Soon large crowds will gather in hotel rooms and toast the New Year. Others will party in Times Square and still others will ring in 2013 with a small group of friends. New Year’s Eve is generally viewed as a time for celebrating with friends and can be a particularly lonely time for those who struggle with relationships.
Your survey responses show that for some people loneliness (which is different from being alone) can be static and chronic, a heaviness that doesn’t lift. For others, loneliness varies in intensity and is triggered by certain situations, such as holidays, can make the aloneness worse. When others are making plans with friends or family and you are not, you may feel left out. Television shows emphasizing activities for families and friends can remind you of what you wish for and don’t have.
Some who go to parties still hate coming home alone to an empty house. Having no one to call to announce good news can trigger a sense of loneliness. Wanting to share a good meal you’ve prepared or a view that is beautiful or the poem you’ve written but having no one to call can be a time of loneliness.
Arguments with those you love, being ill, or seeing people who remind you of loved ones you’ve lost can trigger loneliness. Being around people who are closely connected to each other can lead to painful comparisons to what you don’t have. Facing a day with nothing planned or going to bed at night can be particularly difficult times. Some feel lonely when people are angry with them. Some feel lonely when they judge themselves.
Most people who are lonely are not depressed. According to the survey results, only about 30% of those who feel lonely are also depressed. Being sad about not having friendships or a life partner is not the same as depression, though the absence of relationships may contribute to a depressed mood.
While loneliness is painful, being in an invalidating relationship seems to be worse. Over 90% said they would rather be lonely than be in relationships with people who criticize them. At the same time, 65% criticize themselves, often about not fitting in.
Several survey responses mentioned issues related to lack of acceptance by others and shame. People who are lonely tend to feel self-conscious in groups of people, particularly if they don’t know them well. They want close relationships and at the same time do not feel comfortable meeting people. . Some do not want close relationships even though they find loneliness painful. They fear a sense of obligation and not meeting the expectations of others.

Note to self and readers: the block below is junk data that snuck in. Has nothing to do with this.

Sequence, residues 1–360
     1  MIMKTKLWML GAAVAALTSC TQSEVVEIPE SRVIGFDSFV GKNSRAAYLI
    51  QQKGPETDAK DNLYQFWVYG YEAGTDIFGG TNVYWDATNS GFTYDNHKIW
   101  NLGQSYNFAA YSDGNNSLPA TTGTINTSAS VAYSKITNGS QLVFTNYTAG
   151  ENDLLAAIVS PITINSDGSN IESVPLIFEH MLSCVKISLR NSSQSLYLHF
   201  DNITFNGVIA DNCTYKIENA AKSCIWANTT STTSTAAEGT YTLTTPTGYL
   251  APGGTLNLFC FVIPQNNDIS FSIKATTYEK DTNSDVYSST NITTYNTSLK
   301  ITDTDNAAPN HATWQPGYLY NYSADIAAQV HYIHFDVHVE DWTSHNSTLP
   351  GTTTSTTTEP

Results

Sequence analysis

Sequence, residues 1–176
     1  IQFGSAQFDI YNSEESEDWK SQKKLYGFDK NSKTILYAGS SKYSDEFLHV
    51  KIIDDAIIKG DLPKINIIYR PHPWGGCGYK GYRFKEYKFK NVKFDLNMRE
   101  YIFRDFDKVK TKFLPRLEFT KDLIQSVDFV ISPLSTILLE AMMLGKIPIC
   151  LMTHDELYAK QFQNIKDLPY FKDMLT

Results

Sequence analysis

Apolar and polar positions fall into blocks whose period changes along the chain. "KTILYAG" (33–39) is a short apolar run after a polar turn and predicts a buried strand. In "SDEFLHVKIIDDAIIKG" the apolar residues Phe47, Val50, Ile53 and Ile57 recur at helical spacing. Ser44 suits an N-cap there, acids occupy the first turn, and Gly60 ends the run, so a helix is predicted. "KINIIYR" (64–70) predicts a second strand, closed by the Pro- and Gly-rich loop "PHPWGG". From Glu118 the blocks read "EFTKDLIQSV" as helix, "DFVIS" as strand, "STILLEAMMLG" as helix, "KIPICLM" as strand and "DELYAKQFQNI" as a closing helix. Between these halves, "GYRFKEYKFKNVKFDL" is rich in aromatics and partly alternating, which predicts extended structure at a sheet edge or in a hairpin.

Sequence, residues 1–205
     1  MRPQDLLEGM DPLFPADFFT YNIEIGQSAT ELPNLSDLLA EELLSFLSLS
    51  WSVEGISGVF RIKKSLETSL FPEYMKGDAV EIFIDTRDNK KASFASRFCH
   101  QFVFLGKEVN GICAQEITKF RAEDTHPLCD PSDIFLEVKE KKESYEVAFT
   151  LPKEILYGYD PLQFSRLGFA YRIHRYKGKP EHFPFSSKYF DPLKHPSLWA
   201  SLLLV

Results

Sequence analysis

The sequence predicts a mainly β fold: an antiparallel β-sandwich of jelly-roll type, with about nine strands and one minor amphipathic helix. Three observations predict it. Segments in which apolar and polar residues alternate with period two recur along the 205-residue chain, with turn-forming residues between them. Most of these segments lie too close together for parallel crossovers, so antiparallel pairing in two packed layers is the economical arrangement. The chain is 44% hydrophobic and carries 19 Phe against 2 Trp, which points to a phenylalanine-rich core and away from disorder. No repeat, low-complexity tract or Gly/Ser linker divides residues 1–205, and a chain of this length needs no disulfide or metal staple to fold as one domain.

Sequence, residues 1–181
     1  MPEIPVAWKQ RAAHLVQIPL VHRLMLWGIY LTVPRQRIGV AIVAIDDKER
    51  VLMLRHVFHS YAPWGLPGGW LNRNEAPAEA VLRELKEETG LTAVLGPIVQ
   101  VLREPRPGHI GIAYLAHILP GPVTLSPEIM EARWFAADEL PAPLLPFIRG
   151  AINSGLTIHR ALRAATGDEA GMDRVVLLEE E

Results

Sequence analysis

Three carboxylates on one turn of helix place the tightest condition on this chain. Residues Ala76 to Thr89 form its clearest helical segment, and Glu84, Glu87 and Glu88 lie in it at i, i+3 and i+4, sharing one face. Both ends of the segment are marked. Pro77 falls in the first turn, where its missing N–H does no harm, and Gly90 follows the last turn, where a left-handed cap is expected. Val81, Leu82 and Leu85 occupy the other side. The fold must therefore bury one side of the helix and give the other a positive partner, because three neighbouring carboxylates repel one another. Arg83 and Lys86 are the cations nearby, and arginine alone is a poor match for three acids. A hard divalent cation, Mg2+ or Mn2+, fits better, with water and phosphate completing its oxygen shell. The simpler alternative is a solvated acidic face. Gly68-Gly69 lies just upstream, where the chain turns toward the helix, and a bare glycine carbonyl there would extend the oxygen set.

Sometimes avoiding relationships is about fear of rejection. Many people fear not being good enough and being pushed aside by others. Their fear keeps them from reaching out and taking steps toward a relationship. Their fears are understandable. Most relationships involve conflict and disagreement. Even people who like you can disappoint, say hurtful words, and be judgemental. In addition, because of their fears of rejection, people who are lonely may at times interpret actions of others as rejecting when that is not the case.
The line between accepting someone’s humanness versus ending a hurtful relationship is often not so clear. For the emotionally sensitive in particular, what in the moment may seem like an issue to end a friendship may not seem so important as time passes. At the same time, the emotionally sensitive may stay in relationships that are harmful, fearful of leaving.
To establish a safe relationship often requires a lengthy period of time. Many close relationships are strengthened by surviving conflict and my become close through overcoming differences. Most relationships are messy. People gossip, criticize, react without checking the facts and can be thoughtless at times. One friend may talk too loudly, another may be too blunt, and another may not call for weeks at a time. Tolerating the imperfections of others is challenging.
For the emotionally sensitive the messiness of relationships can be painful to manage. In a future post, I’ll discuss ideas about how to manage those painful feelings, how to idenifty healthy relationships, and how to know when to end a relationship.
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A few good llinks | eChurch Blog (January 1, 2013)
Last reviewed: 6 Jan 2013